4. Focus on positive behavior

Instead of giving a child extra attention when they misbehave, give it when they behave well to reinforce positive behavior. This reinforcement reinforces the boy’s good behavior. When a child gets enough attention from parents from regular interactions during the day, they will not need to act up to get attention.

5. Give the reinforcement as soon as action is performed

Research has shown that the sooner the reinforcer is introduced after the target behavior, the more effective it is in motivating the new behavior.

6. No reinforcement contingency

Schedules of reinforcement can impact the effectiveness of the reinforcement. Studies have shown that the variable-ratio schedule is most effective.

Therefore, reinforcers should be unexpected. If the person expects a reward, it becomes a contingency. Regularly offering contingent rewards reduces intrinsic motivation. An unexpected reward is often more effective in motivating the adoption of new behaviors.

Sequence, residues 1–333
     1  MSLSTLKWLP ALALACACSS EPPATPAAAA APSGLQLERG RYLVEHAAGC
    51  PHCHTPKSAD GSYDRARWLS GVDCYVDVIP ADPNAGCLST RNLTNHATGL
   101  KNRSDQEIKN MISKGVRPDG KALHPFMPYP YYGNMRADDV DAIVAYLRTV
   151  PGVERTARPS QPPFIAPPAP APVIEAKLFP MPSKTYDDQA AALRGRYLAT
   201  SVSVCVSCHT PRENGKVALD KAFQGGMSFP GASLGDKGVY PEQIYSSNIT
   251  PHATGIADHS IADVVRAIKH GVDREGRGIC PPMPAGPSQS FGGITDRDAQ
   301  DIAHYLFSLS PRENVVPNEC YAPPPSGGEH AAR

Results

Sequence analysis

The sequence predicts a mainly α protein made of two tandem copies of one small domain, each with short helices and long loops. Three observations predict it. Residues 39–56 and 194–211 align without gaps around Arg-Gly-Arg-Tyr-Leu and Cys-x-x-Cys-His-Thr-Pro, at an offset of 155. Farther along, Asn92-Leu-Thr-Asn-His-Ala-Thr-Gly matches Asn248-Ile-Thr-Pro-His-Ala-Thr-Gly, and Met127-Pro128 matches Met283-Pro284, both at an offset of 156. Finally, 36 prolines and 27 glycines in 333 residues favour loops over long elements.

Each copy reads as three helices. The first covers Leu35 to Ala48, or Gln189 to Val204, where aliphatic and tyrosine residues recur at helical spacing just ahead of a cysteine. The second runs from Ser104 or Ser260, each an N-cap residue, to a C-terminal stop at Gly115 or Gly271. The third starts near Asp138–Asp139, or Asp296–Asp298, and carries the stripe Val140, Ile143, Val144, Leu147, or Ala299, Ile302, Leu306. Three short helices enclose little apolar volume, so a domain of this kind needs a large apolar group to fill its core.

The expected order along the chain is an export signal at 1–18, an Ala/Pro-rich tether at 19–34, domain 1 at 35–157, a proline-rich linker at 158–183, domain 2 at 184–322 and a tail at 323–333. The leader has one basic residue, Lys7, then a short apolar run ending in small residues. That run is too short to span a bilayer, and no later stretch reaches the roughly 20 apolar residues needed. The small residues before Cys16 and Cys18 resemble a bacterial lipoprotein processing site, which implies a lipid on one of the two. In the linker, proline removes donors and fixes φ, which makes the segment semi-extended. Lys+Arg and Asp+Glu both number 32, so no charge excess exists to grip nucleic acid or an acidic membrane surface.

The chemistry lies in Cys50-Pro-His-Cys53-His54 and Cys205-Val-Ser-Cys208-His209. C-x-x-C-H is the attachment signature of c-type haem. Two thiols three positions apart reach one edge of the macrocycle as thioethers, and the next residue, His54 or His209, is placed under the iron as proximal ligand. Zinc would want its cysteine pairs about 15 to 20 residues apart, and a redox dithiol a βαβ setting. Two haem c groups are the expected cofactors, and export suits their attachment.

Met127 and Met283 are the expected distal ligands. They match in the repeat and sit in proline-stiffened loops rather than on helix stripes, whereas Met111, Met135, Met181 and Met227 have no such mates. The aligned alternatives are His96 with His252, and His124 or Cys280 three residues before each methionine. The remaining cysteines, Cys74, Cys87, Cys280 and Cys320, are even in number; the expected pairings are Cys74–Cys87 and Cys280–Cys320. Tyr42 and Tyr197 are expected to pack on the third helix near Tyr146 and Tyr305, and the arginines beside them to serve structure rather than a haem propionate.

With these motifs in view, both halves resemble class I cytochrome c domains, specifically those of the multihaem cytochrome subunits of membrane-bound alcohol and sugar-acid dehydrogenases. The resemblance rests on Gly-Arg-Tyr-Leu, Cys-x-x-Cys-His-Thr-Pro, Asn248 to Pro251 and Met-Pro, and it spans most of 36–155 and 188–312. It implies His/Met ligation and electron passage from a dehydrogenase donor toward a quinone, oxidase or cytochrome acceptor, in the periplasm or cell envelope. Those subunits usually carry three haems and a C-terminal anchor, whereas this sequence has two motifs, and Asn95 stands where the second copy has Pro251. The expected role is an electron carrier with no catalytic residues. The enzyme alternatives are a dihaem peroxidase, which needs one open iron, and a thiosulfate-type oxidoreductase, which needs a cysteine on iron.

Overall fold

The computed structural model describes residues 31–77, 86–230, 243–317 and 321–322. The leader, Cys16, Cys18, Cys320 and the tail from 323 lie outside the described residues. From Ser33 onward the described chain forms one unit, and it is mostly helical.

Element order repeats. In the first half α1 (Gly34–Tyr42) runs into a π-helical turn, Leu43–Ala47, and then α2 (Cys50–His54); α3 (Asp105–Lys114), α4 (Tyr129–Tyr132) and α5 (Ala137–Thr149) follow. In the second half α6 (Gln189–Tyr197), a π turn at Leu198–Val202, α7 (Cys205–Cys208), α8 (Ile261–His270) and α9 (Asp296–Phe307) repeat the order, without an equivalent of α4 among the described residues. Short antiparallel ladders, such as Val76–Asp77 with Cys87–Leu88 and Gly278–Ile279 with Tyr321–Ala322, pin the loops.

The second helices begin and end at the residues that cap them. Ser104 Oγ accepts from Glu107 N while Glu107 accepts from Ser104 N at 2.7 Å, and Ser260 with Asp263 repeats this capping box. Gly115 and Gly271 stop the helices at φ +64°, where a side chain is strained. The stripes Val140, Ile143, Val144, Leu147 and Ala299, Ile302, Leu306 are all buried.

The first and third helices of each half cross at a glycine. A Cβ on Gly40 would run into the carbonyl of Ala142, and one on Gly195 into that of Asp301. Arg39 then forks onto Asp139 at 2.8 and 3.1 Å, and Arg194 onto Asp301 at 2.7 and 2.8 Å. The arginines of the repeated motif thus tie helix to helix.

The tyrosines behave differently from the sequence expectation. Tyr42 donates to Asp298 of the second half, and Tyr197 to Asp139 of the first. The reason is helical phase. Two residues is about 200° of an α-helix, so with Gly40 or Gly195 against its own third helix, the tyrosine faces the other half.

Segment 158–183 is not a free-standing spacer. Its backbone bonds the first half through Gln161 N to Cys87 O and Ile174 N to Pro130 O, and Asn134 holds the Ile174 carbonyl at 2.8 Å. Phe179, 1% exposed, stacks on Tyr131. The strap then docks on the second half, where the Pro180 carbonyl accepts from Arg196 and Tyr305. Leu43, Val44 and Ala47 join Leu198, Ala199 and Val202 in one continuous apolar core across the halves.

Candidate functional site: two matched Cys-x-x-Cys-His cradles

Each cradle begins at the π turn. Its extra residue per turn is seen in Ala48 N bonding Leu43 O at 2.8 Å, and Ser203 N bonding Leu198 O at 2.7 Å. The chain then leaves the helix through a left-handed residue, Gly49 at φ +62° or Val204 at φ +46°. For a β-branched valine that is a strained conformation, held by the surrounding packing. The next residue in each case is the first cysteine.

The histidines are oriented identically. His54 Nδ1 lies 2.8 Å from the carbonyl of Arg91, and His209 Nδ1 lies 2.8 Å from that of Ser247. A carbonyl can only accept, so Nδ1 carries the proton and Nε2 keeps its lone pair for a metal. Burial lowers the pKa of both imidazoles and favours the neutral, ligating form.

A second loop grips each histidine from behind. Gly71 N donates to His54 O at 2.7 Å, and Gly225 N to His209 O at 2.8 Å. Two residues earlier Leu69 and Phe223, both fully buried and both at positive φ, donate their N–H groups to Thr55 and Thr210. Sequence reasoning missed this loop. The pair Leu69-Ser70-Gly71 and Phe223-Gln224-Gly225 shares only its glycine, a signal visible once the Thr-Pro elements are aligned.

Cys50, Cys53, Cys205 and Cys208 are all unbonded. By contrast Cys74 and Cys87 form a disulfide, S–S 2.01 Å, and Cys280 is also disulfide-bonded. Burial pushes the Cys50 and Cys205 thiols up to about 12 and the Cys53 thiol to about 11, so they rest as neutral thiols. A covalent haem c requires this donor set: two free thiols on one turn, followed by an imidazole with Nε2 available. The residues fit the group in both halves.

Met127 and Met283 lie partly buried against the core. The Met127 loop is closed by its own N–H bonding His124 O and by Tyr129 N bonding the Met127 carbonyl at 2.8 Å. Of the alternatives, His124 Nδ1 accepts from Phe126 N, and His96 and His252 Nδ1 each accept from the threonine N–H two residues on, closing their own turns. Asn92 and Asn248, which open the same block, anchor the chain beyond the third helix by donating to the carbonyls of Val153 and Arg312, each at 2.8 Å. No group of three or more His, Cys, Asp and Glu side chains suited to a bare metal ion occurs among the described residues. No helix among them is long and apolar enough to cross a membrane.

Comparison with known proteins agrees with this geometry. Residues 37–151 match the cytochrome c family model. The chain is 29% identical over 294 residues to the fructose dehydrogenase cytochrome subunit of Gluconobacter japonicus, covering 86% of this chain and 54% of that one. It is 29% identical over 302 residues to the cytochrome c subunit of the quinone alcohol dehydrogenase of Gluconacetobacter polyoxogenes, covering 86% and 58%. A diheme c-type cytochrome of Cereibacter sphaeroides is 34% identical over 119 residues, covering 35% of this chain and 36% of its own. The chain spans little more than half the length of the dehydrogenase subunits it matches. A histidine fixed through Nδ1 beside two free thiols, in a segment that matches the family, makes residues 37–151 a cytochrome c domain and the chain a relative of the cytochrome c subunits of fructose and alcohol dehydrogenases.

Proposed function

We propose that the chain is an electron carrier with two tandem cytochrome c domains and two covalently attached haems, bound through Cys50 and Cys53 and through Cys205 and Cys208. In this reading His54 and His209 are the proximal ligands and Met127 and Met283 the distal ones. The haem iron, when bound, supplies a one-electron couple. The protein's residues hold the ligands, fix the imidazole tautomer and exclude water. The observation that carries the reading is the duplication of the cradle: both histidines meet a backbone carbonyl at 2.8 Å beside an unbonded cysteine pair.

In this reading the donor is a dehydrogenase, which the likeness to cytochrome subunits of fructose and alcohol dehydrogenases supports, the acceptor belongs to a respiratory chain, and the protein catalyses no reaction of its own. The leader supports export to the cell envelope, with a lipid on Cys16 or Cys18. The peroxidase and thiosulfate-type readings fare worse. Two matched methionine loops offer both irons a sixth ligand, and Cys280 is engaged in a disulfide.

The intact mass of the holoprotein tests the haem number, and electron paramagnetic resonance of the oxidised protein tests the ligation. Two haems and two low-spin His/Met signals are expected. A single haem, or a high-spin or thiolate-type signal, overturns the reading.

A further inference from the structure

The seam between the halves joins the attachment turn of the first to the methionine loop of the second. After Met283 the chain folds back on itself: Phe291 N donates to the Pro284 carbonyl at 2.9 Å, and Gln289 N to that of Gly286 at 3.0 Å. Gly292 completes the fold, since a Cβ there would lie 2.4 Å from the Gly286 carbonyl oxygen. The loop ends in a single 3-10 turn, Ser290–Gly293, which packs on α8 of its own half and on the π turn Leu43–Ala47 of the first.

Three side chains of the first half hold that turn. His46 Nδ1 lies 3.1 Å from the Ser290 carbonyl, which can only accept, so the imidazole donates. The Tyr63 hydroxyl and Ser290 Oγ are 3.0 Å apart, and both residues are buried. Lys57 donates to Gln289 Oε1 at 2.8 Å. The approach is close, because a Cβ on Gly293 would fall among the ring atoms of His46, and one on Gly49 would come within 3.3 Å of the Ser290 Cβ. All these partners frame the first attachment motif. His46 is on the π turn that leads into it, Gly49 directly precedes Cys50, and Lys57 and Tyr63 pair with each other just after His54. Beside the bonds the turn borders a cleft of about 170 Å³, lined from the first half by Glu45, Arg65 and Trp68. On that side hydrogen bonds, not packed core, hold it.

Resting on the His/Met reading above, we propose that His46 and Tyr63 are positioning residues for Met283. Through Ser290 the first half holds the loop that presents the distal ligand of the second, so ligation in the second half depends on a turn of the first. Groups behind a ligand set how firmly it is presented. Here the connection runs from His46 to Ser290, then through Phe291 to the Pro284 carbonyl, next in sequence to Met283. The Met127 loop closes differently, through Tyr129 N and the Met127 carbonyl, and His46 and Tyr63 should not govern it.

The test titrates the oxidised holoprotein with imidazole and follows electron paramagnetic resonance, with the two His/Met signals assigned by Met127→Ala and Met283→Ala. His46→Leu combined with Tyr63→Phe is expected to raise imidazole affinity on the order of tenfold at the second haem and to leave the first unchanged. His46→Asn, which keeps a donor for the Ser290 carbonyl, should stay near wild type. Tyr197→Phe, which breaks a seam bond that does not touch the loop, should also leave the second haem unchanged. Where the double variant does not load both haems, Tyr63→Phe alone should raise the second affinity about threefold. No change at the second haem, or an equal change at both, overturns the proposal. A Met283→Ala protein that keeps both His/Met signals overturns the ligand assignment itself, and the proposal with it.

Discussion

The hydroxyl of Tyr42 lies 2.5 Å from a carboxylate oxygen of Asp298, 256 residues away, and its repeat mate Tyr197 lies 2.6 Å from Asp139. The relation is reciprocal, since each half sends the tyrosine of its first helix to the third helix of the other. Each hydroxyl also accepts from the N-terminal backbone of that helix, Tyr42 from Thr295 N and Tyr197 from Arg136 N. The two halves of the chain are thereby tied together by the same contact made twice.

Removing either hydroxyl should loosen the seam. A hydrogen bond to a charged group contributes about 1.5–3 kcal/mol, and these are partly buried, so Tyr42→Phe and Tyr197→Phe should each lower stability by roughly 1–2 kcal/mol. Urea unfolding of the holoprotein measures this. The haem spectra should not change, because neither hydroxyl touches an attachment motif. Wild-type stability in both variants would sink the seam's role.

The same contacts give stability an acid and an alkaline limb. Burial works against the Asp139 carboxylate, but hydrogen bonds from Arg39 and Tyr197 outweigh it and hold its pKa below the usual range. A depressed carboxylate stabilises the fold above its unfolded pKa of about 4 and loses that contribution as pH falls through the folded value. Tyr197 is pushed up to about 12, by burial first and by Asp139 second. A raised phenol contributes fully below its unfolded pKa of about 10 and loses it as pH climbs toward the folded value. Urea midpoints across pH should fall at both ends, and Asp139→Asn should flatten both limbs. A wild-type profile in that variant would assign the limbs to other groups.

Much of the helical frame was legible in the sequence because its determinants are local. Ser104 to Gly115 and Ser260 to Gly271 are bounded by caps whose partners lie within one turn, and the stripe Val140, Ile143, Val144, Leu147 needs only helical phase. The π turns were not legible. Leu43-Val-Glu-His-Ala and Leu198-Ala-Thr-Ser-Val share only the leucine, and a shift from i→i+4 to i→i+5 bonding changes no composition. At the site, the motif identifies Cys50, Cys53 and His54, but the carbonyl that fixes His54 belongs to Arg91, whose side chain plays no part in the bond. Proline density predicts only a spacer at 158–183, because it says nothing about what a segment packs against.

Final Thoughts on Positive Reinforcement 

Using positive reinforcers to motivate target behavior has benefits, but also problems. When used appropriately, positive reinforcement is highly effective, as parents who have potty-trained their toddlers over a weekend by giving out gold stars or candies can attest. But when a positive reinforcer is used as a bribe, it can backfire.

Children are smart. They will quickly figure out that if you need to use a bribe, the behavior probably is not something they will want to adopt in the long run. Whenever possible, motivate your child intrinsically instead of using extrinsic motivation.


  1. 1.
    Cameron J, Pierce WD. Reinforcement, Reward, and Intrinsic Motivation: A Meta-Analysis. Review of Educational Research. September 1994:363-423. doi:10.3102/00346543064003363
  2. 2.
    Akin-Little KA, Eckert TL, Lovett BJ, Little SG. Extrinsic Reinforcement in the Classroom: Bribery or Best Practice. School Psychology Review. 2004;33(3):344-362.